I had nearly an hour and a half-long chat with Prof Kar. For me, he is a model to all the teaching fraternity to become academicians, with life long commitment to build academics, and not look at higher education as mere employment only to be stopped at retirement.

Is such a concept possible? To my mind there are five other such experiments each realised in different ways- CSSS, Calcutta; Subaltern Studies collective, Calcutta; CSDS, Delhi; CSCS, Bangalore; and the one in Bombay – the name slips my mind. However, the point to note is all these centres came out of universities and not colleges. Moreover they could conceive it in government institutions and not private. This leads me to a long-disturbing question – is there something in the structure of private institutions which does not allow such initiatives to emerge? We have not seen such initiatives coming from the staff of St Stephen’s, St Xaviers, Loyola, Lady Sri Ram and the like. Another point to note is that such initiatives have not come from science streams, but only from humanities/social science space. Question then is why?

To make the best of the journey – Sabarmathi +

Since I reached a day earlier due to limited train facilities, I visited Sabarmathi, which was also a dream come true. Gandhi had stayed here from 1917 to 1930 – the year of Dandi March. I spent nearly four hours going round the house where Gandhi had stayed and the Gandi museum. It was quite a learning experience.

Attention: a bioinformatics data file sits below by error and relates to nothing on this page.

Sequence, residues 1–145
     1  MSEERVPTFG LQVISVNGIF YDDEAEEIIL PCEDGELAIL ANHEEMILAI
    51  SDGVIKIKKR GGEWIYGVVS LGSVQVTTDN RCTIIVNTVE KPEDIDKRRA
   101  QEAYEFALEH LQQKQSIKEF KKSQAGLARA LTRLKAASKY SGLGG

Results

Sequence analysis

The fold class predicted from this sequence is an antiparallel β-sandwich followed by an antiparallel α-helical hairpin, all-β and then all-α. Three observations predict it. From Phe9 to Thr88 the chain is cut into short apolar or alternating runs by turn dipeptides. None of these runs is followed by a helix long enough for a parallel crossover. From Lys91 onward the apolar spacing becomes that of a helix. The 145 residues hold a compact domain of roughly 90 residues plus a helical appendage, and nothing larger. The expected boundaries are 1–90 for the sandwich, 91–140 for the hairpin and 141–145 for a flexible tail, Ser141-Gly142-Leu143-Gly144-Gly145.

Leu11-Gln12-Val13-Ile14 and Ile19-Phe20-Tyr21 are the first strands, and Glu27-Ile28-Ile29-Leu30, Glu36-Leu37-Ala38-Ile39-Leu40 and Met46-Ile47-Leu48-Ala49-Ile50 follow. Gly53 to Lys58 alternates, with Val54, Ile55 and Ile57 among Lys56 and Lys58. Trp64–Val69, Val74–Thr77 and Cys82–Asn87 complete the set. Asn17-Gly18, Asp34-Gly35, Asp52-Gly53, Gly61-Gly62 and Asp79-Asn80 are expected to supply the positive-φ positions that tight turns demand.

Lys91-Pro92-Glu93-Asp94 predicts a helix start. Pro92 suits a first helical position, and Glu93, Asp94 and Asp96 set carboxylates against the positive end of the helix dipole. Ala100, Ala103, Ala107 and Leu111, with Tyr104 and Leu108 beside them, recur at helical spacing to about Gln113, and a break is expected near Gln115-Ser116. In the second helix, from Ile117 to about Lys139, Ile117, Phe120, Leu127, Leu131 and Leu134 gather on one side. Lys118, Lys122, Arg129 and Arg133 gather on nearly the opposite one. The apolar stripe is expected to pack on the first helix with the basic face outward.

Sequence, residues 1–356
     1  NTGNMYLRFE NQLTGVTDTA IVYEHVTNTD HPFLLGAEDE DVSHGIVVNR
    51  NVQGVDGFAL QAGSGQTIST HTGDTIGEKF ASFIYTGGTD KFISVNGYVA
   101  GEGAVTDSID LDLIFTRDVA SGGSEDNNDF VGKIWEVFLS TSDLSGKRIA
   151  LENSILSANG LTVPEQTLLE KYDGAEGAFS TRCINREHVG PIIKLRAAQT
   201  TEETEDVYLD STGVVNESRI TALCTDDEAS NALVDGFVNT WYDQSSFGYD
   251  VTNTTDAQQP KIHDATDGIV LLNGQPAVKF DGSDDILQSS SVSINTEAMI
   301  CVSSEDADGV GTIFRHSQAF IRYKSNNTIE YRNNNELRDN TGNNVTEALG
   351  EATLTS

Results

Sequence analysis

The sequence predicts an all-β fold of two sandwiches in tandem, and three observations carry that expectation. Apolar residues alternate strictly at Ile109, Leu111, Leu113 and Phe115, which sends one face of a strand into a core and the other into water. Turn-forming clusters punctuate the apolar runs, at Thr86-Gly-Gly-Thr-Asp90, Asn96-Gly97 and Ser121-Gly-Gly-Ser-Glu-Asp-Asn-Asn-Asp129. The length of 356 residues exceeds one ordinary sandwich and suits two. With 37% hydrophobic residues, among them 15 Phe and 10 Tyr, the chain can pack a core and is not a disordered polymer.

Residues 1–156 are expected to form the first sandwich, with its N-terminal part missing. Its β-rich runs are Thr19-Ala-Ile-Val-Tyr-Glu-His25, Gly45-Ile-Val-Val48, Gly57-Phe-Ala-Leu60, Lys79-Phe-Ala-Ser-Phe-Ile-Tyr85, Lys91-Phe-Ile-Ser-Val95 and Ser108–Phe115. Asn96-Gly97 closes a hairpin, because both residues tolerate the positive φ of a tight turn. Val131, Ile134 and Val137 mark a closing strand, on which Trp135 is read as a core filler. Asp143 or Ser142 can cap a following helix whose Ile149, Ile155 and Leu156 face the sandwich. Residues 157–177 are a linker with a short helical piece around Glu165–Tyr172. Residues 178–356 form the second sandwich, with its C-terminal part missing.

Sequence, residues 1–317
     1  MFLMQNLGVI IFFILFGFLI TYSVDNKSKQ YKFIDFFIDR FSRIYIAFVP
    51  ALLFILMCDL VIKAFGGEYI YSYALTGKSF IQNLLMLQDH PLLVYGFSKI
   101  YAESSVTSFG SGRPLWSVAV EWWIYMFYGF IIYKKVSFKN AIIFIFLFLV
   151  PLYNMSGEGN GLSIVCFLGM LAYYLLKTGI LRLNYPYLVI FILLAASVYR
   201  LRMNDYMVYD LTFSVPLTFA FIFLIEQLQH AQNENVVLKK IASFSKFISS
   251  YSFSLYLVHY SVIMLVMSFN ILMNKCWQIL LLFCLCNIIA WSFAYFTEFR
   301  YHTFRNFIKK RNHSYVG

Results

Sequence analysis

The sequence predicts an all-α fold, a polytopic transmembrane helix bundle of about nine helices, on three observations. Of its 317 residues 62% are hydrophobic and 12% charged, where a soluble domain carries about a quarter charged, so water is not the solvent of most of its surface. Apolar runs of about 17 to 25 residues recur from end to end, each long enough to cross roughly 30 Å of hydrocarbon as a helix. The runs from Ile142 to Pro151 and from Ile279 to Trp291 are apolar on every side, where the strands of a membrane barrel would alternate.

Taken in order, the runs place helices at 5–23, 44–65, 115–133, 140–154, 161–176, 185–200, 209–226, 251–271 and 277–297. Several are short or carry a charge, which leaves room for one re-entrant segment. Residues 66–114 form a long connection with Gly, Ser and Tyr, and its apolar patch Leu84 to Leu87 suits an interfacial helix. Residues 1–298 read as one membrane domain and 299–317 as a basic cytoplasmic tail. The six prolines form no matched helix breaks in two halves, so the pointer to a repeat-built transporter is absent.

I also visited MS University Fine Arts dept which is ranked no three in the world. It was an amazing experience. I also visited the University library. I found students making use of the library reading room a lot. It was full. But books were hardly updated. We have a far better and updated collection. But their journal section is better than ours.

For library

From Sabarmathi I picked three VCD’s on Gandhi. One of them has Gandhi’s audio. They are available for borrowal in the library. I also bought all the past issues of Journal of Contemporary Thought and quite a few other books. The entire cost coming to Rs 10,000. All of them should be available for borrowal this week.

What do I intend to do with the Workshop

  1. Use the insights to enrich the syllabi in the dept
  2. Try and put together the insights/training from this workshop and the Psychology conference on Intimacy and come up with a paper. I wish to work on the notions of intimacy in early texts. I wish to engage with sections of Rig Veda, Grihasutras, Manu Smriti and Buddist texts.
  3. Use the insights to build my PhD


I am grateful to the Mr Kennedy and Dr Krishnaswami for the permission granted, and the management for partly sponsoring the participation.

1 comment:

Agent M said...

Thanks sir :) Gives me a better picture now :)